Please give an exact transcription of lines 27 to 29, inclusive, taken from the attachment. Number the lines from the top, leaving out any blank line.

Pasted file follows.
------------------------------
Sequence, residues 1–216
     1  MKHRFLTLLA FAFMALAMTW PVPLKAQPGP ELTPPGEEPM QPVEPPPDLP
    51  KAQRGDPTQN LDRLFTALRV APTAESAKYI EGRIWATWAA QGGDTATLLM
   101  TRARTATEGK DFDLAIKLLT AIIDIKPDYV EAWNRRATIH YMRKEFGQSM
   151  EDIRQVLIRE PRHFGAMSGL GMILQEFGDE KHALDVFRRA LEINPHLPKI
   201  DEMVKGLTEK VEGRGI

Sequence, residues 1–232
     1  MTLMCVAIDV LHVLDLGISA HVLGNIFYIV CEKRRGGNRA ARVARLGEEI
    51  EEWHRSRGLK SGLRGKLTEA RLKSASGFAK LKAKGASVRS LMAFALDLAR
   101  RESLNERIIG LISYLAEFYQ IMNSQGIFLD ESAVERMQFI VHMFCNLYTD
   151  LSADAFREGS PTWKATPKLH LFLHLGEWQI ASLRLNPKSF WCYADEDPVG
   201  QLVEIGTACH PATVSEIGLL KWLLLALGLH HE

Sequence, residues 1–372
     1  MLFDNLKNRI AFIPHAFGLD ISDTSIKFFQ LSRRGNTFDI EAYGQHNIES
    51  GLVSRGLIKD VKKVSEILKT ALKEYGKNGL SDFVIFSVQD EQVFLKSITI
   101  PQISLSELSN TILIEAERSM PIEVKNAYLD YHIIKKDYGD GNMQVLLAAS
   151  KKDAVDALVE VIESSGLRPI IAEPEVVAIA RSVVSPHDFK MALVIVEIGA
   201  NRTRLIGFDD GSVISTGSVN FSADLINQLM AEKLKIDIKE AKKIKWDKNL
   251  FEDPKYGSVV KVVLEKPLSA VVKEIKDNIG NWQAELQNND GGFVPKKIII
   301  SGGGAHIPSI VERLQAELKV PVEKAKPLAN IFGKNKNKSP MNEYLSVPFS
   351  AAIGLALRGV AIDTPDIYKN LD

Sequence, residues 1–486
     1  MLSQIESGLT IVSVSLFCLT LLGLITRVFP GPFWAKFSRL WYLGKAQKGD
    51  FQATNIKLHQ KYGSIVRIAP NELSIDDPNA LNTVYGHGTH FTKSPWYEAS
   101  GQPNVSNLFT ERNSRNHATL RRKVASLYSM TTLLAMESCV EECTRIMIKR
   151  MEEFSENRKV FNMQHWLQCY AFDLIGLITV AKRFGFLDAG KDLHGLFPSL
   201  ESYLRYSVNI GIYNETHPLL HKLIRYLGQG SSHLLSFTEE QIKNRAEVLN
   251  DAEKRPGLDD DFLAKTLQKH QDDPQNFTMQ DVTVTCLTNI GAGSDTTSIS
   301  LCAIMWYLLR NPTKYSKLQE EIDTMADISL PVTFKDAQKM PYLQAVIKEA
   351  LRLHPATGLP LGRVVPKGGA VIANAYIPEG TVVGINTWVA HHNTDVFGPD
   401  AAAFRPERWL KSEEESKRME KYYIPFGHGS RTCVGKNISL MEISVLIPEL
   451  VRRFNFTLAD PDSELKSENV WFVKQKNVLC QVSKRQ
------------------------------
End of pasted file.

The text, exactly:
   201  ESYLRYSVNI GIYNETHPLL HKLIRYLGQG SSHLLSFTEE QIKNRAEVLN
   251  DAEKRPGLDD DFLAKTLQKH QDDPQNFTMQ DVTVTCLTNI GAGSDTTSIS
   301  LCAIMWYLLR NPTKYSKLQE EIDTMADISL PVTFKDAQKM PYLQAVIKEA